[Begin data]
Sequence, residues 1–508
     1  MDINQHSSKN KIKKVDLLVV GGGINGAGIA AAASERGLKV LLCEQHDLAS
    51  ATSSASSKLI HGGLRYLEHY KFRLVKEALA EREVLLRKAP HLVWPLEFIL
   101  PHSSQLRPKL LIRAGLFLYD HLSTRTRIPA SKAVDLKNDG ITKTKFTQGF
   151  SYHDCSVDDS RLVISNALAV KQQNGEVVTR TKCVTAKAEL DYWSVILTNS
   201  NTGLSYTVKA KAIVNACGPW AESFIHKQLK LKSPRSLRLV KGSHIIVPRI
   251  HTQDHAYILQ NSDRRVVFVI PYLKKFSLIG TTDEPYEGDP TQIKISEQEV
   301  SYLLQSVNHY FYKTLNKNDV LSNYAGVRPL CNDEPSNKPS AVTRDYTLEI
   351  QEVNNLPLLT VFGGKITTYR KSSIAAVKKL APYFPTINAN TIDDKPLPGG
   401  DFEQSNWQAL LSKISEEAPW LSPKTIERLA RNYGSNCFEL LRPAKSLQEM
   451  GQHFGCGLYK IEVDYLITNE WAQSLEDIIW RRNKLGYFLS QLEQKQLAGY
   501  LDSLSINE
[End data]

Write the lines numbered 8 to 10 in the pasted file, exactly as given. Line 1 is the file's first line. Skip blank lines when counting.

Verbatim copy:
   301  SYLLQSVNHY FYKTLNKNDV LSNYAGVRPL CNDEPSNKPS AVTRDYTLEI
   351  QEVNNLPLLT VFGGKITTYR KSSIAAVKKL APYFPTINAN TIDDKPLPGG
   401  DFEQSNWQAL LSKISEEAPW LSPKTIERLA RNYGSNCFEL LRPAKSLQEM